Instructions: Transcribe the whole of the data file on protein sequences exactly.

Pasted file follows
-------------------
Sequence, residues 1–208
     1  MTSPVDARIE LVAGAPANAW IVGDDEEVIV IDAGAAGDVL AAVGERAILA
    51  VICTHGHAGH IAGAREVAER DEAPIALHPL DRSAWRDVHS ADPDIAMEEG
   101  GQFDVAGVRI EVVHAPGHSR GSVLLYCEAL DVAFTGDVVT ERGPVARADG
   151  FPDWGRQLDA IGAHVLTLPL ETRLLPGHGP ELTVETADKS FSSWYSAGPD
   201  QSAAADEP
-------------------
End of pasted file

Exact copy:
Sequence, residues 1–208
     1  MTSPVDARIE LVAGAPANAW IVGDDEEVIV IDAGAAGDVL AAVGERAILA
    51  VICTHGHAGH IAGAREVAER DEAPIALHPL DRSAWRDVHS ADPDIAMEEG
   101  GQFDVAGVRI EVVHAPGHSR GSVLLYCEAL DVAFTGDVVT ERGPVARADG
   151  FPDWGRQLDA IGAHVLTLPL ETRLLPGHGP ELTVETADKS FSSWYSAGPD
   201  QSAAADEP